Hello! I’m Louise a long serving volunteer at the History Centre in Chippenham. I have worked on and off in a voluntary capacity since 2005. I first discovered the Wiltshire Buildings Record (WBR) when it was located within the Wiltshire Record Office at Trowbridge. Dorothy Treasure, who is responsible for the day to day running of the charity, recognised my real passion for old houses and recruited me to her keen band of volunteers. Over the years my contribution has varied due to the needs of my family but I have always been encouraged to continue. Dorothy is also our Principal Building Historian; she is a real expert in her field and I feel very fortunate to be able to work with her.
Volunteers at the History Centre come from all walks of life and work the hours of their choosing. In my case I had worked as an HR professional prior to having a family rather late. Some volunteers are still in paid employment and join us when they can. This is the case with some of our committee members. Some volunteers work with the WBR for a while in order to gain experience to advance their careers in the heritage sector. What we all have in common is an interest in our country’s heritage and a wish to rub shoulders with like-minded people and those working in professional roles. There are four strands to my voluntary work - documentary research into the history of individual buildings, building recording, data entry into the Historic Environment Record (HER) and committee work.
Typically I begin the week with the Archaeology Service, entering data from the WBR archive records onto the HER database. With 18,000 buildings records to work through, I think I’ve gained a job for life! Tom, the HER Manager is always nearby to guide me through the more complex aspects of the system. I am one of four volunteers he manages each week. We all do different things based on our interests and skill sets. I love the challenge of locating buildings particularly when building names have changed, buildings have been altered and only sketchy address details are given!
Tom the HER Manager and I at the History Centre and Martin one of the archaeologists in action at Avebury (photo taken by Terry Waldron)
Working alongside the Archaeology Service has given me a real insight into the challenging work the team undertakes, the county of Wiltshire not only has an important World Heritage Site, Stonehenge and Avebury, but also many other important historic assets to protect. I always enjoy listening to the office banter, the team are a lively and adventurous bunch. The team even has its own Morris dancer!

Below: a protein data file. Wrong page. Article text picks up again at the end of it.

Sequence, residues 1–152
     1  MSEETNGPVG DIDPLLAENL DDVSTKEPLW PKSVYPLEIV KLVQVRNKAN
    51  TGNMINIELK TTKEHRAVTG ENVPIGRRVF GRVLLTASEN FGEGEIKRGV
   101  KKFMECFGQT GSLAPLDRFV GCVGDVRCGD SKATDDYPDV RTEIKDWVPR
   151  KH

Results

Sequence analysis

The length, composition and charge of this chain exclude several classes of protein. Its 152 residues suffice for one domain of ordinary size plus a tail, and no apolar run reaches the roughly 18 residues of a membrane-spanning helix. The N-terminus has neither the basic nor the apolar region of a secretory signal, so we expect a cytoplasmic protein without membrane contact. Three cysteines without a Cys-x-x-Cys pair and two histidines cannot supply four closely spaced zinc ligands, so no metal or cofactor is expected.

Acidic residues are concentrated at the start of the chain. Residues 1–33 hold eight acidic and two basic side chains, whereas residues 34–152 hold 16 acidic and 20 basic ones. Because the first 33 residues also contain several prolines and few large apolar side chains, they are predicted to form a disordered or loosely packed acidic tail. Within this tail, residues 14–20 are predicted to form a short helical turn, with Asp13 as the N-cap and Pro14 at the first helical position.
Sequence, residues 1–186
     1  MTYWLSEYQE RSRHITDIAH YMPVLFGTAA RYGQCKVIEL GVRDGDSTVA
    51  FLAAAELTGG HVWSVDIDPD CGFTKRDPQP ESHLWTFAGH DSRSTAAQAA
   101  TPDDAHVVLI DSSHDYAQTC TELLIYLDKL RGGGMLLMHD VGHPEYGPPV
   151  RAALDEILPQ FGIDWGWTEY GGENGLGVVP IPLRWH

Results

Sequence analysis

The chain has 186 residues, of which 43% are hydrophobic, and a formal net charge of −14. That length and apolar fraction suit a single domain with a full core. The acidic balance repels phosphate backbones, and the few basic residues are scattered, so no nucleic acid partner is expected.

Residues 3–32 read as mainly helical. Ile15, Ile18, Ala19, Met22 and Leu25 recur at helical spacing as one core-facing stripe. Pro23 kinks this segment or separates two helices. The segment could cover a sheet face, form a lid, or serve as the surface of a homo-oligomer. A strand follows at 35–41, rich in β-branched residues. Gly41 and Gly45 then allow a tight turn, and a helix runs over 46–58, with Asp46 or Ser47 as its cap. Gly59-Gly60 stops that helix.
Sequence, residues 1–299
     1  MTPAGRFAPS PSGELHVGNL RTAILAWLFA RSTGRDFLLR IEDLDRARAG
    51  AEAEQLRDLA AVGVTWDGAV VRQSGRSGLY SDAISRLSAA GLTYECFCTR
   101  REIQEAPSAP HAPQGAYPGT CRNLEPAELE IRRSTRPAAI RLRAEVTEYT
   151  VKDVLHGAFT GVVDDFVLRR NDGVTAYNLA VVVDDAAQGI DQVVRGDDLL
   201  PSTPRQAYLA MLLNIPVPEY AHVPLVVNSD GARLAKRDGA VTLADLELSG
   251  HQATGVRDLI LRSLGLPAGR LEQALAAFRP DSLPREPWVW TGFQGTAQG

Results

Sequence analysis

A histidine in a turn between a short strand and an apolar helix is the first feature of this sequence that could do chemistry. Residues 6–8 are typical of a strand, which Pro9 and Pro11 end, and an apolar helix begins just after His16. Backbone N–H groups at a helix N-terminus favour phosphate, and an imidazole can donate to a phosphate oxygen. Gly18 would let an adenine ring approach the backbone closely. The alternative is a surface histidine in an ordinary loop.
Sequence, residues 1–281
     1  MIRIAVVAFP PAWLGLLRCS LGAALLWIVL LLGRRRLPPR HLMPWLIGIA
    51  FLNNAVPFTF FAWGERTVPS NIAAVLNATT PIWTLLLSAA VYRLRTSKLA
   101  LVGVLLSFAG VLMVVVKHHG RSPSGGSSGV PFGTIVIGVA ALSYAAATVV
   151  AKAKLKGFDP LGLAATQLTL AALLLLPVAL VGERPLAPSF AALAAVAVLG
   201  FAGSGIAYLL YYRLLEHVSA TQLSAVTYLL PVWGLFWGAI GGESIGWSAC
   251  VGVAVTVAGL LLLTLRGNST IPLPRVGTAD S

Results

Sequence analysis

On a Tuesday, I work with Dorothy and spend my time researching the history of individual buildings. It is a day when I am able to catch up with other office-based volunteers over coffee or lunch. As a charity we need to generate an income and we do this mainly through commission work for individual house owners. Each report we produce includes a comprehensive recording of a building and some documentary history. Documentary research is my main area of expertise, built up over a number of years. It did help studying for an Undergraduate Advanced Diploma in Local History from Oxford University. All the study was done via the internet which was fantastic. The Archives team has always provided me with great support when I needed it, along with the WBR.
Studying maps in the Archive room to locate a particular cottage in the village of Netheravon. The building I am looking at is identified by No.90 on the 1790 Enclosure Award map for the parish
on Wednesday, 20 November 2013.
Posted in Archives
We hold an amazing array of maps here at the History Centre and I ‘plan’ to take you on a tour to discover which may prove to be the most useful for your research, whether it be the history of your family, house or parish.
Tithe Map One of the most widely known of the maps that we hold here. These awards were drawn up between 1836 and 1852. Once ordered up by parish name, you will be presented with a map and schedule which includes the name of the landowner, the name of the tenant, acreage, rent paid and details of the makeup of the land, eg. if there is a garden, orchard etc. The schedule gives a number for each property which can be used to locate it on the map. These are great source for those interested in locating a property, getting details of ownership and also the study of property/field names.